Have a question about digital photography? Send it to me. I reply to as many as I can--though given the quantity of e-mails that I get, I can't promise a personal reply to each one. I round up the most interesting questions about once a month here in Digital Focus. For more frequently asked questions, read my newsletters from February, March, and April.
Better Exposures for Dark Complexions
I frequently volunteer in Haiti, where the Caribbean sun is usually very bright and the people are very dark skinned. I use a compact camera and, in nearly every shot, the camera compensates for the bright surroundings, so facial features are lost in shadow. What adjustments can I make to try to solve this problem?
--Brandon Johnson, San Francisco
You've got a tricky exposure situation, Brandon. In very bright sunlight, your scene probably has a broader range of exposures (from sunny background to dark skin) than it's physically possible for your camera's sensor to record.
If your camera lets you attach filters in front of the lens, you might want to invest in a neutral density filter, which will reduce the overall exposure by a stop or two. Or you can use the camera's flash as a "fill flash" to put more light in your subject's faces. If you find that it washes out the subject too much, see if your camera lets you reduce the intensity of the flash--set it at 50 percent power, for example, for more subtle results. Or finally, try the camera's exposure compensation setting (usually marked EV) to overexpose the scene a bit. That might "blow out" the background, but will improve the exposure of your subject's faces.
Owning Photos From the TV
Recently I took some shots of a travel program on the TV. Are those my shots? Can I use them any way I wish? What are the legal ramifications?
--Al McConnaha, Huntsville, Alabama
First, my standard disclaimer when issues of copyright arise: I am not a lawyer, so don't take anything I write as legal advice. That said, when you take a photo of something on TV, you've made a copy of someone else's intellectual property. It's no different than making a copy of a photo, painting, song, or movie. You don't have any legal right to use these photos in any way except for personal use.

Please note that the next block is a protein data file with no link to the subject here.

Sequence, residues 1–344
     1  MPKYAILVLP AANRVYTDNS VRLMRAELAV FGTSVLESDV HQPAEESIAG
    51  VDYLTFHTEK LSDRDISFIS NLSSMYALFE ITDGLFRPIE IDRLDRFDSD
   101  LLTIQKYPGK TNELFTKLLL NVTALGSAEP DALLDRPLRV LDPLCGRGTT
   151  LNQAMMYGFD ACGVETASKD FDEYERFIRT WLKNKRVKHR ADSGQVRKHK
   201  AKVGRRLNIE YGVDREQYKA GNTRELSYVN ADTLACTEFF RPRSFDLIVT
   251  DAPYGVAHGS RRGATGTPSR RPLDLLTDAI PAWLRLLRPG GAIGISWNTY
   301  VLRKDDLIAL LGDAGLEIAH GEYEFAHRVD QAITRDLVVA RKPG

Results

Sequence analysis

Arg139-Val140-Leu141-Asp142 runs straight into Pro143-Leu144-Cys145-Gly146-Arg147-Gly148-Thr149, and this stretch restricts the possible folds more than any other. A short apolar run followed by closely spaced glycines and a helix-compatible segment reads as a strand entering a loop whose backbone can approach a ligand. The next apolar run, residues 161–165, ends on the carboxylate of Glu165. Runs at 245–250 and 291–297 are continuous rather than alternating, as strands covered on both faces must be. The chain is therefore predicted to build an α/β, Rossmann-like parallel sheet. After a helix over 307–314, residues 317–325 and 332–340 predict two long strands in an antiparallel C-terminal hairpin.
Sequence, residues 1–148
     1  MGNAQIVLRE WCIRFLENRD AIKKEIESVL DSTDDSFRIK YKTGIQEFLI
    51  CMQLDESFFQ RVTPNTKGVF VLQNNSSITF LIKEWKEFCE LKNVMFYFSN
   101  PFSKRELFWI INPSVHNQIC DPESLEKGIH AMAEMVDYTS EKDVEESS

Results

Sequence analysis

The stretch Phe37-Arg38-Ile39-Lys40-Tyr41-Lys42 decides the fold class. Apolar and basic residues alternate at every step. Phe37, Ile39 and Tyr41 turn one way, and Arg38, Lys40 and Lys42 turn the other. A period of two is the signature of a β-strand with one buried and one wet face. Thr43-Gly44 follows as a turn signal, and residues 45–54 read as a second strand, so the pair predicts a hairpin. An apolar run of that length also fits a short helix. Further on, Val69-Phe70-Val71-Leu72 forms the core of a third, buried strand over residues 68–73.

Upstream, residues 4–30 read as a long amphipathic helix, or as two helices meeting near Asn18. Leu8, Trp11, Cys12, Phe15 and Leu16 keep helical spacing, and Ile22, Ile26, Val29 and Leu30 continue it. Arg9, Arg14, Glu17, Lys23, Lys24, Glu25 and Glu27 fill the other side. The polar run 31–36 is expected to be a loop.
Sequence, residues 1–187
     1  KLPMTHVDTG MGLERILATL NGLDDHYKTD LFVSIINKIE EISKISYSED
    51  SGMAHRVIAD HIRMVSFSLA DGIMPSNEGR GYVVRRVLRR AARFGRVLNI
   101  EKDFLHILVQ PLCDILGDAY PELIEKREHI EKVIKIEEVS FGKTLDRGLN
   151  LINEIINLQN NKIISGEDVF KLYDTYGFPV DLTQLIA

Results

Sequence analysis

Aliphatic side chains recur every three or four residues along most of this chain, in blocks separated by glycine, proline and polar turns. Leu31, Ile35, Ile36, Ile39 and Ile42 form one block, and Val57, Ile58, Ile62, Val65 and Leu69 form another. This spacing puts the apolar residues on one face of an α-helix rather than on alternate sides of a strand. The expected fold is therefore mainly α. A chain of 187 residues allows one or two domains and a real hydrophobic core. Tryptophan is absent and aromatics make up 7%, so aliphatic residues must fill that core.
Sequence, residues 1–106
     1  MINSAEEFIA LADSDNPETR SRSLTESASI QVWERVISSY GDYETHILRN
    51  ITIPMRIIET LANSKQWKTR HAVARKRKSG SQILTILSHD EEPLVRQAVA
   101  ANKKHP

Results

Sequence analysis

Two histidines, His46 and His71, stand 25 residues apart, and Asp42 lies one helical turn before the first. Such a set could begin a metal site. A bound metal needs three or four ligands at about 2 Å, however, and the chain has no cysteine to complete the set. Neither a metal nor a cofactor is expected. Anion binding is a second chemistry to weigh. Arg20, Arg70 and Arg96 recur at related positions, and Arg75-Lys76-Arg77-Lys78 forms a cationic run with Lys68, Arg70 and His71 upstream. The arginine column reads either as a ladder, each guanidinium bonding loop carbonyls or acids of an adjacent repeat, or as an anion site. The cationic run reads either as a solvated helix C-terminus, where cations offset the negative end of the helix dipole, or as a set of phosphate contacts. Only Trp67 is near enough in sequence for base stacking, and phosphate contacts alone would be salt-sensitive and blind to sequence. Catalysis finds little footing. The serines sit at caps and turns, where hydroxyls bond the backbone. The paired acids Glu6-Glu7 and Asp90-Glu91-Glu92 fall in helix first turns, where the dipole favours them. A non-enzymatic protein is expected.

There is an exception, though. Artists can generally incorporate other people's work into their own--this is the root of concepts like "sampling," "remixing," and "mash-ups." Oh, and another point: Any media created by the U.S. government is automatically in the public domain, so I suppose you're free to reuse anything you photograph on C-Span.
Long-Term Photo Storage
I have a lot of pictures saved in my hard drive and make back-ups on DVD and flash drives. But what is the best way to archive my pictures long term?
--Efrain R. Camara, Myrtle Beach, South Carolina
The best long-term storage that money can buy is a second hard drive. You can get a terabyte of storage for under a hundred dollars, which is a mind-bogglingly good value. So buy an external terabyte drive, plug it into your computer's USB port, and use it to make regular, automatic backups of your photos and other data. The drive will last for years. When it eventually fails, replace it with an even bigger, even cheaper drive.
I don't suggest messing with DVD backups. No one really knows how long they'll last--25 years? 50 years? And you won't really know they've failed until you try to use one and discover it's dead. But archiving your valuable stuff on a backup hard drive is easy, economical, and you'll know instantly when it has failed. As long as you also maintain a copy of your stuff on your computer's main drive, you'll always have two copies and you'll be safe.